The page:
Energy corridor plan proposed
ALBUQUERQUE, N.M. — A plan for designating thousands of miles of energy corridors in 11 Western states will be revamped under a settlement reached by federal land managers, environmental groups and one Colorado county. The settlement was filed Tuesday in federal court in San Francisco. It must be approved by a judge. A senior attorney with the Center for Biological Diversity says the landmark agreement is a step toward advancing renewable energy development in areas that make sense. The environmental groups identified areas from Washington to New Mexico where wildlife habitat, historic properties and trails could be affected by corridors for power lines. The settlement puts agencies on notice that projects in those areas could be challenged. The settlement also gives the federal government a year to set up a review system for determining whether corridors should be revised, removed or added.
Power delivery setup questioned
WASHINGTON — In the aftermath of storms that knocked out power to millions, sweltering residents and elected officials are demanding to know why it's taking so long to restring power lines and why they're not more resilient in the first place. The answer, it turns out, is complicated: Above-ground lines are vulnerable to lashing winds and falling trees, but relocating them underground incurs huge costs — as much as $15 million per mile of buried line — and that gets passed onto consumers. With memories of other extended outages fresh in the minds of many of the 1.26 million customers who still lack electricity, some question whether the delivery of power is more precarious than it used to be.
Truck, auto sales surge in June
DETROIT — From mini cars to monster pickups, sales of new cars and trucks surged in June. Automakers reported big gains over June of last year. Chrysler posted its best June in five years. Sales soared at Volkswagen, which is on track for its best year in the U.S. since 1973. The results allayed fears that growth would stall after a strong start to 2012. Earlier this spring, sales were on track to reach 14.5 million this year. The pace dropped in May as fears about the health of the global economy increased. But buyers didn't go away. Falling gas prices, cheaper loans and new models like the Ford Escape and Dodge Dart drew them out. A revived housing market lifted sales of pickups.
Factory orders increase in May
WASHINGTON — Companies placed more orders with U.S. factories in May compared with April, demanding more computers, machinery and other equipment that signal investment plans. The increase is a welcome sign for the economy after two months of declining factory orders. Still, factory orders are down from the start of the year. And more recent data show manufacturing activity shrank in June for the first time in three years, adding to worries that weaker global growth is weighing on the economy. Factory orders increased to $469 billion, the Commerce Department said Tuesday. Core capital goods, which include machinery and computers, rose 2.1 percent, showing companies are making investment plans.
Chuck E. Cheese mascot changes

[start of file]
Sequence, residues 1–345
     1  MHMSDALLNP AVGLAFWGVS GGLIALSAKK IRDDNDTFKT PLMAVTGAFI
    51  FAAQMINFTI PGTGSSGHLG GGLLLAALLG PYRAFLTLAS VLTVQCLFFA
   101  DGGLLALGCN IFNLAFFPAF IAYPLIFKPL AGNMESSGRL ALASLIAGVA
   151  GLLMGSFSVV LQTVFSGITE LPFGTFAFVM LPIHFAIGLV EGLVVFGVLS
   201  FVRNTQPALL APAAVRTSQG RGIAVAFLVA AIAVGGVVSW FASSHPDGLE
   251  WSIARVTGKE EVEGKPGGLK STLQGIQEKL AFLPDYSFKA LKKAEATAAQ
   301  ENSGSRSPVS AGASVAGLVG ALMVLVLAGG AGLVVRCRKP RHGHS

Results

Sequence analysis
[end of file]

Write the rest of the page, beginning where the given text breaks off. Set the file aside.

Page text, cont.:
NEW YORK — Chuck E. Cheese has been given the pink slip. The company that operates the chain of children's pizza restaurants is retiring the giant rodent's outdated image — and the man who voiced its character for nearly two decades. CEC Entertainment Inc. says it plans to launch a national ad campaign Thursday with a revamped image of Chuck E. Cheese as a hip, electric-guitar-playing rock star. It's just the latest makeover for the 35-year-old mascot, which started life as a New Jersey rat who sometimes carried a cigar. CEC Entertainment, based in Irving, Texas, is struggling to revive sales at its more than 500 pizza restaurants.
Netflix reports more viewing
SAN FRANCISCO — Netflix says its subscribers watched more than a billion hours of online video last month as more high-speed Internet connections and high-powered mobile devices change people's viewing patterns. The milestone announced Tuesday is the latest sign that the Internet video service may be starting to reduce the amount of time its 26.5 million streaming subscribers spend watching advertising-supported entertainment bundled in more expensive cable-television packages. Netflix Inc. sells its service for $8 per month.
Flaws hamper computer project
LIMA, Peru — Peru's distribution of more than 800,000 low-cost laptop computers to children easily ranks as one of the world's most ambitious efforts to leverage digital technology in the fight against poverty. Yet five years into the program, there are serious doubts about whether the largest single deployment in the One Laptop Per Child initiative was worth the more than $200 million that Peru's government spent. Ill-prepared rural teachers were often unable to fathom, much less teach with the machines, software bugs didn't get fixed and most had no way to connect to the Internet. Many could not take the computers home. And some schools even lacked electricity to keep them running.
Rate cut may help Europe
FRANKFURT, Germany — Europe's sinking economy and wobbly banks could get modest help Thursday from an interest rate cut by the European Central Bank. Economists think the ECB will cut its benchmark refinancing rate by at least a quarter point to 0.75 percent, a record low. On Tuesday, the rising expectation of a rate cut helped lift stock markets in Europe, which have been rallying since European leaders last week announced new measures to fight the continent's debt crisis. The ECB is likely to hold off from more aggressive measures, such as new cheap loans to banks. Its president, Mario Draghi, has said there is only so much the central bank can do and that it was up to Europe's politicians to restore confidence.
From wire reports